Free yourself from TV trap

April 10, 2002|By Yonason Goldson

ST. LOUIS -- Social engineers in Aldous Huxley's Brave New World had a simple plan for indoctrinating children with the values of their society. Recordings of cultural mantras were played again and again under the pillows of infants and toddlers until the messages became carved into their subconscious minds.

To a large extent, we do the same thing to ourselves. We do it through television. Violence. Greed. Revenge. Exhibitionism. Sex. Vainglory. Materialism. Power. These are the values that form the steady diet we and our children ingest day after day, evening after evening, weekend after weekend.

I grew up no differently. Throughout junior high and high school, my parents strictly limited my daily viewing to two hours on week nights and four hours on weekends -- a total of 18 hours a week (if I didn't cheat).

True, that was less than two-thirds of the current national average. But it was more than 5,600 hours through six years of secondary education. Assuming that my consumption at least doubled in the summertime and during vacations, my total television consumption during those six years adds up to nearly 7,000 hours, or 290 days. That's four-fifths of a year, about 20 percent of my waking life between the ages of 12 and 17, spent with my head stuck in the boob tube.

The boob tube -- presumably so labeled because of its power to turn a thinking person into an imbecile. But the term suggests another, more sinister meaning.

An infant nursing at its mother's breast cannot draw sustenance until the nipple is placed squarely into its mouth. And so do we, remote controls in hand, allow foreign thoughts, values and attitudes to seep into our minds, without even the effort of having to draw sustenance.

According to at least one study, our brains are more active when we sleep than when we are watching TV.

Indeed, perhaps television's greatest danger lies not in the corrosive influence of lust, avarice and the 8,000 murders witnessed by an average 12-year-old, but in the way it makes us passive, dulling our minds as effectively as a lobotomy.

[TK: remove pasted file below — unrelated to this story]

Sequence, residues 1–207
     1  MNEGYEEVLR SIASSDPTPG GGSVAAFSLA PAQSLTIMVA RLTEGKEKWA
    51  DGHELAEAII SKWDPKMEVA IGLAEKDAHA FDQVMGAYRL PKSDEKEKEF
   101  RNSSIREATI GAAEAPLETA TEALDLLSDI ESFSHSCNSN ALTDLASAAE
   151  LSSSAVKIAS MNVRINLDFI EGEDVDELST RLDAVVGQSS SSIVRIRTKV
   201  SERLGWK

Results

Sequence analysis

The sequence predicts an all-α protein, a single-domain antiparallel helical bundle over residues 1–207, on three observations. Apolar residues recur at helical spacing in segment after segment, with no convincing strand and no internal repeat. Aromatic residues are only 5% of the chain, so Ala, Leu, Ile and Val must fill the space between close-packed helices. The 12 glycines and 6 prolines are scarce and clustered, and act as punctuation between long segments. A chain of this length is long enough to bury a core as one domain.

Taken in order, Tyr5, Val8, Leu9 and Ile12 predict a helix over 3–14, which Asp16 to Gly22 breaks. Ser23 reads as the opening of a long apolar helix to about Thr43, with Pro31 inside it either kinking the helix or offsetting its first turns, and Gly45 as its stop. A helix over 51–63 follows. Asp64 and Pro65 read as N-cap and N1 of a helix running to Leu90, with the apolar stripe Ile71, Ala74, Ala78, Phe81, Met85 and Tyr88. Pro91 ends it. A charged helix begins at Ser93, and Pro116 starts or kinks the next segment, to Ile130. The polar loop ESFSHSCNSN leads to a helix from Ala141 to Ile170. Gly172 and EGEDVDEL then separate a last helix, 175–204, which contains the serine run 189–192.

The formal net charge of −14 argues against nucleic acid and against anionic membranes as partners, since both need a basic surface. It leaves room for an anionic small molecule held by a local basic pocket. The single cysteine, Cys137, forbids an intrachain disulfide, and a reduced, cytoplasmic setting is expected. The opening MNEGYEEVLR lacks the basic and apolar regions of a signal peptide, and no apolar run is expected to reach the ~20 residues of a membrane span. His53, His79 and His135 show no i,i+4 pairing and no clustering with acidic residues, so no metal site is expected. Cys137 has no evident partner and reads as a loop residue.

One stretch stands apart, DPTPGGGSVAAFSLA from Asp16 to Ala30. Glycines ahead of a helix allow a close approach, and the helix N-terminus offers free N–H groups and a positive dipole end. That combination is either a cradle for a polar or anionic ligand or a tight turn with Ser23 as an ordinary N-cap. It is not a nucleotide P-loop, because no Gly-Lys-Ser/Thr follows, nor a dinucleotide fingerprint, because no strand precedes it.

Is this the legacy we wish to leave our children? Do we aspire toward becoming a nation of 250 million brain stems deadened by thousands of injections of two-second images and five-second sound bytes, unable to follow a syllogism from beginning to end, unable to propose solutions because we don't recognize or understand the problems, unwilling to allow our minds to be stimulated by ideas instead of images?

My wife and I got rid of our TV years ago. Except for the 5-inch black-and- white that gets pulled out of the closet for such events as the World Series and the Olympics, our house is TV-free. We don't miss it. What's more, our kids don't miss it. They're also reading several years above their grade levels, playing sports, learning musical instruments and, perhaps most important, speaking with their parents. You couldn't pay us to bring a big-screen TV into our home.

I know what you're thinking -- you're different; you don't let it control your life. So prove it: April 22 begins TV-Turnoff Week. See if you can go one full week with your head outside the box. All the way. Cold turkey.

And if you do last the full 168 hours, you might just find that the joy of reading or conversing or whatever you do to occupy your mind is far more satisfying than the old electronic IV drip ever was and that the sounds of your own real-life existence are far more engaging than the chatter of make-believe people.

Then see if you can keep yourself from going back.

Yonason Goldson is a rabbi, a high school teacher and a free-lance writer. He lives in St. Louis.

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